Gardeners too,  readily pass on information they have received from other sources as though all gardening information is both true and universally adaptable. Yet, science is not much better if you are looking for absolute truth.

If knowledge is derived from the application of logic in selecting the best alternative from many choices, surely the number of choices available is limited by the totality of man's experience, and so therefore, is his knowledge.  And, as man's experience is limited to but a few seconds of time relative to the life-span of this planet, his knowledge can be applied to only this time and space.  That knowledge is incomplete, but it is the best we have; it is called "science".  What distinguishes science from other information is authoritative presentation of fact, supported by predictive repeatability, and the disproval of all other logical conclusions.  It is "current knowledge" because it interprets the largest set of facts known today. Garden writers operate on a smaller set of facts.  And, gardeners interpret their observations using an even more limited set of facts.  As "science" filters down to the garden writer, fewer of the adages and "old wive's tales" get repeated over time (too long to suit me).  That period of time stretches through generations before gardeners stop repeating the earlier falsehoods they have learned.  A falsehood in a book or magazine always outlives the book or the magazine.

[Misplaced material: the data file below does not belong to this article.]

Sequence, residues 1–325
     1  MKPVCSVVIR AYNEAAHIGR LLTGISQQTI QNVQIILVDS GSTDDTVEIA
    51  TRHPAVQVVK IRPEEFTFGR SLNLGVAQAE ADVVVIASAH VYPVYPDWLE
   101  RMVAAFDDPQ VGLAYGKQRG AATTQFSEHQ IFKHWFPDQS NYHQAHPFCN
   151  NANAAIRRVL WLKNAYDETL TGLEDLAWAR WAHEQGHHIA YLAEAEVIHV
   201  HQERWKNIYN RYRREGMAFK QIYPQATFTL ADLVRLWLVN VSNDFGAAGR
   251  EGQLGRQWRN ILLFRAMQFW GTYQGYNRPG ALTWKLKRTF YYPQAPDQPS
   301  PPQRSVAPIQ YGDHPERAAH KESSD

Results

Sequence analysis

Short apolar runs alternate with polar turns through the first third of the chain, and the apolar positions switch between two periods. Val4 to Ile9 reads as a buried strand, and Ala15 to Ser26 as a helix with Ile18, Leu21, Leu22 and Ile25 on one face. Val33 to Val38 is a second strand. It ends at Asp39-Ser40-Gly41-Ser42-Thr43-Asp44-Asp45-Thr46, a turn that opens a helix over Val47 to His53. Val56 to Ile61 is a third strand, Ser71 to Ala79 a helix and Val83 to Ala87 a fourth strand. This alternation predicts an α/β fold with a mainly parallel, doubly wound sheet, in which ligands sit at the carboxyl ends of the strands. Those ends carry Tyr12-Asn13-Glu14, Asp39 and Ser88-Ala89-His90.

My advice to garden writers is to confine their research to "current knowledge", and ignore the writings of their counterparts, in order to speed up the cleanup.

My advice to gardeners is  to believe what you see as temporal entertainment; a gift from nature. Do not pass on your interpretation as gospel.  Do not seek interpretation from others.  Remember how the lives of those who have seen a UFO has been lessened rather than enhanced by the experience, once reported.  As usual, it is the interpretation which causes the problems. Share your own successful techniques, and try those reported by others once you have stripped them of their embedded adages.

Of all the flora and fauna on earth, it is only man that desires or needs rules. We crave categorization and predictability.  Formal training consists of learning the rules.  Scientific advance consists of making new rules and refinement of the old ones.  But in nature, there are no rules.  Yesterday, today, and tomorrow are all the same in nature; only time passes.  This is why today's rules are often disproved by tomorrow's scientists.  There is nothing about which all the facts are known.  Our lives are so short, that we are not disturbed by these changes.  When you become elderly, the differences that occur between your formal training and what you observe (cognitive dissonance) become more noticeable and more frequent, but are rarely disturbing since you have forgotten much of your formal training anyway. Across several generations however, the rules changes are disturbing indeed.  In the big picture, it is easy to conclude that, like nature, we really don't have any rules. That will never be more true than in gardening where there is no adage, no rule of thumb, and no absolute truth that you can rely upon all of the time.